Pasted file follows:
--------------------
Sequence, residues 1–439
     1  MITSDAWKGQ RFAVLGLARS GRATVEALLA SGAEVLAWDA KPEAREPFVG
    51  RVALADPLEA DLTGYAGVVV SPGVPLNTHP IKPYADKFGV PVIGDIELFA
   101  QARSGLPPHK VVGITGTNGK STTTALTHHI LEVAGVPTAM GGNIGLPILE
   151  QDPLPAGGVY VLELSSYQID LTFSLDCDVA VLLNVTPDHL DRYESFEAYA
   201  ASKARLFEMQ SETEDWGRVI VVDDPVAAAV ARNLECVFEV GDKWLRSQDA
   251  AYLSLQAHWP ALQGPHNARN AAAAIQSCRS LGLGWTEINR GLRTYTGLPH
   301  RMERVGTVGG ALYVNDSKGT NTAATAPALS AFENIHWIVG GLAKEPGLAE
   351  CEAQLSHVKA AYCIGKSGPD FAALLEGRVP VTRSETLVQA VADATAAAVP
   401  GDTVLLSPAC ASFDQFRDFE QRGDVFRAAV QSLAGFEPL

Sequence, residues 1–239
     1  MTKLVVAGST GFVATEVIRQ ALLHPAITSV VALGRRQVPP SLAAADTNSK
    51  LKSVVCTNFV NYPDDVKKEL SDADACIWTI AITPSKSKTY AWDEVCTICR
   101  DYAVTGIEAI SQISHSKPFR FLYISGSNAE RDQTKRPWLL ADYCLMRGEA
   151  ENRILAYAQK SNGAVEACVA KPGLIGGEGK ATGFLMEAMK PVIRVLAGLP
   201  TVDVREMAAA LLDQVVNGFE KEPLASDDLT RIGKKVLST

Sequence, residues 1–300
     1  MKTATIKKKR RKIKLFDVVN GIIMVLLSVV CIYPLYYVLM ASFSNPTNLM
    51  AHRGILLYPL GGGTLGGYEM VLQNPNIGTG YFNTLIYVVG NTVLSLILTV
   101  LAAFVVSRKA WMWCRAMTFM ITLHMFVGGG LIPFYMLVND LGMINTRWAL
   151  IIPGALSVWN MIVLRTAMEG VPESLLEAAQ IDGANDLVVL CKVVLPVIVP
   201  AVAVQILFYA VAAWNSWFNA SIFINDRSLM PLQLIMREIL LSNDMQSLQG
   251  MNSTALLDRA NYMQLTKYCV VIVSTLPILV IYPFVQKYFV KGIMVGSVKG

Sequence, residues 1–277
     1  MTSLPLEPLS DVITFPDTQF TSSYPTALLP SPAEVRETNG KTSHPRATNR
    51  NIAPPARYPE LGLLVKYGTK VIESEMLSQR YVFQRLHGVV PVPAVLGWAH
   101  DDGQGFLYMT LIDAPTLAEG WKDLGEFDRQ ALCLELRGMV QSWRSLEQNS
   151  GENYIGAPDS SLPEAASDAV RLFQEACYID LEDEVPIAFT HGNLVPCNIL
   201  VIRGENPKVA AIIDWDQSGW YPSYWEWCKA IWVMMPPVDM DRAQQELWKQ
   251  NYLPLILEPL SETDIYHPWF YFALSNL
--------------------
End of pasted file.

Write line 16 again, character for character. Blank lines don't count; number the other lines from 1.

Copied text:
   201  TVDVREMAAA LLDQVVNGFE KEPLASDDLT RIGKKVLST